COVID squeeze being felt but organisers still confident, says HallTuesday, May 18, 2021
BRIDGETOWN, Barbados (CMC) — Director of Operations Michael Hall says the Caribbean Premier League (CPL) has continued to experience the economic fallout from the ongoing novel coronavirus pandemic, but is remaining confident this year's showpiece in St Kitts and Nevis would be a success.
For the second-straight year, players and officials will be subject to a pay cut and even though fans could return for this year's tournament, they will have to be fully vaccinated and limited to only half the capacity of the Warner Park venue.
Hall pointed out that all global sports events staged in the pandemic environment had taken a financial hit and the CPL was no different.
“Even more so in the case of the CPL. Our brand is that we're the biggest party in sport and obviously you can't have a party if you don't have guests at the party,” the veteran Jamaican administrator said, referring to the absence of fans.
“And so the atmosphere is not there. CPL is punching above its weight. We play in a small market in terms of attendance, we play in economies that are generally weaker than where the other leagues take place.”
When the CPL is in full swing and we're playing across the six territories in the Caribbean where franchises are domicile, we probably have higher costs of running the tournament than any league does because we're not playing in a contiguous land mass.
“We're constantly having to pull up stumps and ship the circus down the road to another venue, and so on. So it's always been a challenge for the CPL and that challenge has just been exacerbated over the last couple of years because of the pandemic.”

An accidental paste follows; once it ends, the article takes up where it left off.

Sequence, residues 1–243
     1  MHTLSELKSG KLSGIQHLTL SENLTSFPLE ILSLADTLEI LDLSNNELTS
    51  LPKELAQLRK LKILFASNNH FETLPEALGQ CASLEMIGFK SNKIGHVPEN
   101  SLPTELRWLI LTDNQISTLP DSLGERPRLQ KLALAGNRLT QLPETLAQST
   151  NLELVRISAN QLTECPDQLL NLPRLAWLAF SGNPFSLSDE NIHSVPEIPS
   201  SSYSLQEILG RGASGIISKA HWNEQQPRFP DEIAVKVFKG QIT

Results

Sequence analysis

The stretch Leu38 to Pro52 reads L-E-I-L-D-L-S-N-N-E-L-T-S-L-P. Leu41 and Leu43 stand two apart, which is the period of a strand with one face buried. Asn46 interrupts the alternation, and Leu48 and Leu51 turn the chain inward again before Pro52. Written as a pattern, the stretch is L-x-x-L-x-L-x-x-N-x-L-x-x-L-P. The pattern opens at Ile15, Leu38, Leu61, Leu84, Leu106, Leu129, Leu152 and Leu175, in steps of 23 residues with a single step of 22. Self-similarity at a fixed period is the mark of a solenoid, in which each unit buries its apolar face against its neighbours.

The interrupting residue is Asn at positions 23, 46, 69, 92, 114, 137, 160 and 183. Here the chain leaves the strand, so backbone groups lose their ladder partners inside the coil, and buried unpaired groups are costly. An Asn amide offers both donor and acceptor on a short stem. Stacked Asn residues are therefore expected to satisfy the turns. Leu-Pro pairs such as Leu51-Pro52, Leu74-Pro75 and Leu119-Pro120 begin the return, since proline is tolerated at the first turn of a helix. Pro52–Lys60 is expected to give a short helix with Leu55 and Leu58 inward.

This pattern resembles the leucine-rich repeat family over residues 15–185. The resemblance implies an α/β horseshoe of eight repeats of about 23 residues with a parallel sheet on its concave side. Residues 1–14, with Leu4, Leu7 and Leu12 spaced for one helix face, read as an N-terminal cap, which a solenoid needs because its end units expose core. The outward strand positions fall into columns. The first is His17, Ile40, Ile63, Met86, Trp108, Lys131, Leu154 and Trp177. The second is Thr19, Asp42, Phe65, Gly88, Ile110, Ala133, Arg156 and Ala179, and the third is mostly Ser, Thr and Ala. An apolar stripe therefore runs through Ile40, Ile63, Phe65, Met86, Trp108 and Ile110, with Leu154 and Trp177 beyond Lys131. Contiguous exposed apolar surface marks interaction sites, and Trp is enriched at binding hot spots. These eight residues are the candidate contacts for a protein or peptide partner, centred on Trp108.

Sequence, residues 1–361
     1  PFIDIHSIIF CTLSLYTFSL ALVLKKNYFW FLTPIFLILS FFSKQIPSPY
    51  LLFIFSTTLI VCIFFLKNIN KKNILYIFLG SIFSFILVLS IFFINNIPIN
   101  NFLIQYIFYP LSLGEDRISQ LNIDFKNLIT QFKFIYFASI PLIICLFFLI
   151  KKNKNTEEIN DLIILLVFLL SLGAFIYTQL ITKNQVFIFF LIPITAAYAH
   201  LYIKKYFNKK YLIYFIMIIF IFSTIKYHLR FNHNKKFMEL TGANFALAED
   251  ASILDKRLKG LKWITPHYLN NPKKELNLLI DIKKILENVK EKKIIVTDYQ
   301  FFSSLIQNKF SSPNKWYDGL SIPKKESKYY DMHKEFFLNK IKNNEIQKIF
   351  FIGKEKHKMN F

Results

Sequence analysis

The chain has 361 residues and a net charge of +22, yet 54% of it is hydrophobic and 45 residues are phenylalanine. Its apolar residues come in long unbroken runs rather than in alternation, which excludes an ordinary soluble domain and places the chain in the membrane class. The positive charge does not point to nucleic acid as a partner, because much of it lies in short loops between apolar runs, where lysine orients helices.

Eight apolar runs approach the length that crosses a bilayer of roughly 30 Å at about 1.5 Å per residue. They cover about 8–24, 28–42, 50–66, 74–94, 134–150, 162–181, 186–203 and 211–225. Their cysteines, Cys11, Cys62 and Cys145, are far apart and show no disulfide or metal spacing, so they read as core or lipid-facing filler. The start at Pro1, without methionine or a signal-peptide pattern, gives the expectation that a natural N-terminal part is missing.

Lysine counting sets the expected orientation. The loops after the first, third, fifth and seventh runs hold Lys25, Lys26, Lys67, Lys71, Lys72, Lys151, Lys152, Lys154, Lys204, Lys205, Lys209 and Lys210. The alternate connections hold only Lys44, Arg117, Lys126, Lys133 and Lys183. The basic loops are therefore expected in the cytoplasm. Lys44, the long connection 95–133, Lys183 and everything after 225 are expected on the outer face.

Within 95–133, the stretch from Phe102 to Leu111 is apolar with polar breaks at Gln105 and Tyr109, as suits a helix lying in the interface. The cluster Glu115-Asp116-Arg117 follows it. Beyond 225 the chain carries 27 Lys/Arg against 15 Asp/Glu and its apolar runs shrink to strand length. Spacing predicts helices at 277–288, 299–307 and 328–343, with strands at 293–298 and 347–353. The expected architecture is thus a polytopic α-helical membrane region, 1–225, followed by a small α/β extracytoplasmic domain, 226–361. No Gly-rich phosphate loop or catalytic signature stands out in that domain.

He added: “I don't think it is a secret that last year our players and everybody involved in the tournament were asked to take a 30 per cent pay cut to what they were normally accustomed to receiving.
“We've pegged that back a bit this year and that number is at 20 per cent at the moment, but I think that's the clearest indication of the fact the pandemic is squeezing anybody who is trying to put on a major sporting event, not just the CPL.”
Organisers successfully staged the popular Twenty20 franchise tournament in Trinidad and Tobago last year at the height of the pandemic, with players and officials entrenched in a bio-secure bubble and guided by strict government health protocols.
And while strict health protocols will obtain for this year's edition, the fact that St Kitts and Nevis currently have no active cases of COVID-19 – and have recorded only 44 infections since the start of the pandemic – has further boosted the confidence of organisers.
Hall said the Trinidad experience had been a critical learning curve.
“This is not our first rodeo and interestingly and positively, this is not our first rodeo staging a tournament in the midst of a pandemic. We did it successfully last year and we learnt a number of important lessons from doing it last year,” Hall said in an interview with Starcom Radio's Mason and Guest.
“One of the primary considerations in hosting the tournament and looking to St Kitts and Nevis as the host country is the fantastic job that they have done in managing the pandemic. There are zero active cases in the country and… I think about 40 per cent of the population has been fully vaccinated.
“So we have a duty of care to go to St Kitts and Nevis and protect that enviable record that they have established, and we're going to work very closely with the authorities there to make sure we have protocols in place that will allow us to do just that.”
The challenge of staging cricket during the pandemic was underscored only last month when the lucrative Indian Premier League had to be suspended because of a surge in COVID-19 cases across India which resulted in positive cases among some franchises.
And last March, the Pakistan Super League was also halted when players also tested positive.
The ninth edition of the CPL is expected to bowl off August 28 and feature 33 games.
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